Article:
“Happy Mother’s Day, Ladies”, Mrs. G’s voice rang out strong and southern in the cavernous prison unit, where two hundred women were waking up far away from their babies.
Her voice hit me hard in the chest and I thought of my brown haired boy. His second birthday a month away and there was nothing I could do to get back to him. This is an unimaginable kind of powerlessness. Even when it’s happening to you.
As I type out this memory this Sunday morning in May, my now eight year old boy tucked away in his bedroom watching cartoons, I feel the same feeling in my chest. Constricted, hot, complex.
Even now, I’m acutely aware of the stigma, the judgments, the knee-jerk reaction that occurs when people are faced with the opportunity to be compassionate towards a group of people deemed unworthy for integration in our “polite society.” As if needing to separate ourselves is inherently human. Perhaps, it is. The need to create our own identity construct that is pleasing to the world, a construct that meets our desperate need for acceptance rather than exclusion.
It continues to take a high level of honesty and challenging conversation to guide my son through his increasing awareness of my prison time. Explaining addiction, the drug war and the justice system to a four year old (which is how old he was when he realized I hadn’t just taken an extended vacation to Texas) is a conversation that goes a little beyond the scope of what you expect you may ever have to discuss with your child.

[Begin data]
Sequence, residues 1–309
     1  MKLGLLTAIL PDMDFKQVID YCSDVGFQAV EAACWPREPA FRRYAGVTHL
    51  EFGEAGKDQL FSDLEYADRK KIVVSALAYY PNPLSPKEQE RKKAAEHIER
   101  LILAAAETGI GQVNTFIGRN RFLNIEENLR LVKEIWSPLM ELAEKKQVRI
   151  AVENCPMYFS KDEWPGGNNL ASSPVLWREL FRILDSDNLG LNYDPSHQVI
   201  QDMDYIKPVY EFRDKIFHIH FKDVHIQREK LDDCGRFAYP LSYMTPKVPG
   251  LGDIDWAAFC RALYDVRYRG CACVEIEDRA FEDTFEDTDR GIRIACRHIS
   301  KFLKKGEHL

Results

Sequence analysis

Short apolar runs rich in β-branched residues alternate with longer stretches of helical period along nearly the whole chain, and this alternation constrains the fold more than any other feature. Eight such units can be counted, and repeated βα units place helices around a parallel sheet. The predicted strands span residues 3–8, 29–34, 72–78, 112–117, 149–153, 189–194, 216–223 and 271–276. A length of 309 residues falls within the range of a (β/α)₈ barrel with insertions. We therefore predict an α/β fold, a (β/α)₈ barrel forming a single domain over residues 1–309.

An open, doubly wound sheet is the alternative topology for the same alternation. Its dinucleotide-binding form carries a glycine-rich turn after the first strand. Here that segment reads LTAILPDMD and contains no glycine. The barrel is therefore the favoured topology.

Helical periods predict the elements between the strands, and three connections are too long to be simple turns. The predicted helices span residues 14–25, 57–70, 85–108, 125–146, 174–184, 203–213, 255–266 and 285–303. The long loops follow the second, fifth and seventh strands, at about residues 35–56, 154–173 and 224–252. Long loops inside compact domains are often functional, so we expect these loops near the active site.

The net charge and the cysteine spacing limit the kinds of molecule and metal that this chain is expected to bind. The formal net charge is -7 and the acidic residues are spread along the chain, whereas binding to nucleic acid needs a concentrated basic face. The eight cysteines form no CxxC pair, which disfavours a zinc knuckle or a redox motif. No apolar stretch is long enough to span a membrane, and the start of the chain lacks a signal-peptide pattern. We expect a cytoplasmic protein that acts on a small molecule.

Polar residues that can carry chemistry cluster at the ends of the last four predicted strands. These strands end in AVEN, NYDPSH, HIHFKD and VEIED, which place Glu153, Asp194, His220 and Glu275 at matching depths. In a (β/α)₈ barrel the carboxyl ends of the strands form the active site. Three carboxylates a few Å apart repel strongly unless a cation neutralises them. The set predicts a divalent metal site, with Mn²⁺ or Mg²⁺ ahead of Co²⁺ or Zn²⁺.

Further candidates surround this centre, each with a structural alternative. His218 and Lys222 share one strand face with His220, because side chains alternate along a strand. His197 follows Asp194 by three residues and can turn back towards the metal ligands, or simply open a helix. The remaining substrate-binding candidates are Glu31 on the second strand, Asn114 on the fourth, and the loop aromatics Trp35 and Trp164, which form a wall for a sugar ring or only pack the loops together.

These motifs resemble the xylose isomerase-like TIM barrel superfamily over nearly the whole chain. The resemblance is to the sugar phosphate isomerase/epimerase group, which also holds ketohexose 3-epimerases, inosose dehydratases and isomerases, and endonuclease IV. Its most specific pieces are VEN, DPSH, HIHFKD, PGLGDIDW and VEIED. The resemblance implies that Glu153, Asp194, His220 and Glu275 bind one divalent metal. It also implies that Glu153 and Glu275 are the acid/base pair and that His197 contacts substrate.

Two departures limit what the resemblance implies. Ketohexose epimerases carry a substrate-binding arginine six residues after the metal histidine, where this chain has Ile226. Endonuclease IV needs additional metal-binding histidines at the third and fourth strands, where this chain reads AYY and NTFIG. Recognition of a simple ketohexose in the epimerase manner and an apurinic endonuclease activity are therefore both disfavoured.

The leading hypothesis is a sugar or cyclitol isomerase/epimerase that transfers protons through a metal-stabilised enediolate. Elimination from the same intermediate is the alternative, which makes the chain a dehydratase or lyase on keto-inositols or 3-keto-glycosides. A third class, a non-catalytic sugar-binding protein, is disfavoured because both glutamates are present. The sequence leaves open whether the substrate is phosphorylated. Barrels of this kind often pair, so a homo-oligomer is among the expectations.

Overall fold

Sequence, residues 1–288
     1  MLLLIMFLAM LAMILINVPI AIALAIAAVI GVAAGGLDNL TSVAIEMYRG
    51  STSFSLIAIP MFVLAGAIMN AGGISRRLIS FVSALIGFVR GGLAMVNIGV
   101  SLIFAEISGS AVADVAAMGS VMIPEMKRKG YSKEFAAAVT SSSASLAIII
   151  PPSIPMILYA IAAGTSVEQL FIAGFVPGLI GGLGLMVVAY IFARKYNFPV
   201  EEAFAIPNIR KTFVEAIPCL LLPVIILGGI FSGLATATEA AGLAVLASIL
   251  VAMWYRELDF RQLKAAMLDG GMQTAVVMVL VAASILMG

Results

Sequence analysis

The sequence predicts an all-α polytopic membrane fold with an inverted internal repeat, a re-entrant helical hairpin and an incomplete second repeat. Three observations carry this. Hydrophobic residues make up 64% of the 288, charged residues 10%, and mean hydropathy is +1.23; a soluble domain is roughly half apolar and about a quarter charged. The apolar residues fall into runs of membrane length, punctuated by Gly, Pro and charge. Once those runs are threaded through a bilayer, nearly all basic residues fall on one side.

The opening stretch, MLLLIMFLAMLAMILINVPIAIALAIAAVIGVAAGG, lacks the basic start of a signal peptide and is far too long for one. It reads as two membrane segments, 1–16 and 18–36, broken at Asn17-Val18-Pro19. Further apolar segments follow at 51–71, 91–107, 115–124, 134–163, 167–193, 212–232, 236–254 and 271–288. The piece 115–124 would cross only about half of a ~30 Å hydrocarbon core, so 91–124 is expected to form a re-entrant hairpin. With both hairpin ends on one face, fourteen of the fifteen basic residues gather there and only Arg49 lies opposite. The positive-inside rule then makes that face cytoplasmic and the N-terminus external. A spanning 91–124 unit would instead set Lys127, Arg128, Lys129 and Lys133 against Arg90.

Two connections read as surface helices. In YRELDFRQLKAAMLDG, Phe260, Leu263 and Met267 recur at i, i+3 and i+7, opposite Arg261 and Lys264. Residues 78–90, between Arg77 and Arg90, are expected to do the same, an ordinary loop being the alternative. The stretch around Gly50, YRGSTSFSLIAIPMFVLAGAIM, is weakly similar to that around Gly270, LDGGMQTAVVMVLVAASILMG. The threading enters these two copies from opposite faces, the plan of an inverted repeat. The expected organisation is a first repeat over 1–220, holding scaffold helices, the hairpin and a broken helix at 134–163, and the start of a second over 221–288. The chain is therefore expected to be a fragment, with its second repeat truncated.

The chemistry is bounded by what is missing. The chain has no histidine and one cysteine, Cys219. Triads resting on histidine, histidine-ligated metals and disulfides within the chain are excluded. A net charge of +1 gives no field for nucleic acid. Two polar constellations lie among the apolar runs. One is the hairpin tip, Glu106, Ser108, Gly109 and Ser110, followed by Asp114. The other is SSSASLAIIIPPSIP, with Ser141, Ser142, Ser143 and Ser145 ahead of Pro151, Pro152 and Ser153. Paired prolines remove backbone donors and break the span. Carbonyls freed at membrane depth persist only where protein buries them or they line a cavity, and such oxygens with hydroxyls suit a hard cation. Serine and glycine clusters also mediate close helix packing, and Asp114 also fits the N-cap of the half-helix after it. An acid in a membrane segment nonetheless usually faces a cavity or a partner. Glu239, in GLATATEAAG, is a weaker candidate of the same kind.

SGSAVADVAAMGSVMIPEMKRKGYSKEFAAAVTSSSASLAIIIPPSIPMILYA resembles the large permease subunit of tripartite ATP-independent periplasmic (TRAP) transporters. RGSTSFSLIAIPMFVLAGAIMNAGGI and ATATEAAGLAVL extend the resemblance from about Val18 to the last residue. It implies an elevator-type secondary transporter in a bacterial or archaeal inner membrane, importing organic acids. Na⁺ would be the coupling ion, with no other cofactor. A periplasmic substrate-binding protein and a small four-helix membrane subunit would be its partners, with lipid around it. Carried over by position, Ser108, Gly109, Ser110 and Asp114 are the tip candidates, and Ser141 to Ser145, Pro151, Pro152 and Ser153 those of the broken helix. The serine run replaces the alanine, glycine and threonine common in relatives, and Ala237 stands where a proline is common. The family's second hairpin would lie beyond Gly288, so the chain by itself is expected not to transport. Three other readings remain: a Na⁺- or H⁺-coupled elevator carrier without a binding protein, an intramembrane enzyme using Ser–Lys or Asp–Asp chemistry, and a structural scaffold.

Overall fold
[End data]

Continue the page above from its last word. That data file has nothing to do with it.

I yearn to help him understand what happened without shame. To offer him the possibility of being able to judge his fellow human beings with a more open mind to individual circumstance and connection rather than harsh light and aversion.
The no shame part is really something when, as a first grader, and starting halfway into the year at a new school, his teacher makes an announcement about some charity work she has done with the local jail and my sweet, innocent little boy, aching to connect to his new classmates, raises his hand and announces that he’s visited a jail as well. When his mother was in one. For dealing drugs. This was his first day there.
I had to schedule a parent teacher meeting the next day. Not exactly the family secrets you hope to use as a lead-in with your new community and the PTA.
Not a Mother’s Day goes by that I don’t think of all the Mothers who can’t be with their children, and the children who don’t understand why. It’s a complicated issue and there is so much more to say, the layers are sometimes so dense it makes me turn away from the writing altogether. This is a story that doesn’t just tell itself.
Today, the flowers, the hand-made card, and the delighted look on his face, that I get to witness – is a blessing that I don’t take for granted. I am humbled and deeply aware of the depth and breadth of what it means to be here, what it means to be a parent, a human and a “member of polite society”.
And that definition is far more expansive than I could have ever imagined.
(This piece was originally published on The Nervous Breakdown.
Find more of Meg Worden’s prison stories and other brilliant literary talent at: http://thenervousbreakdown.com/author/mworden.)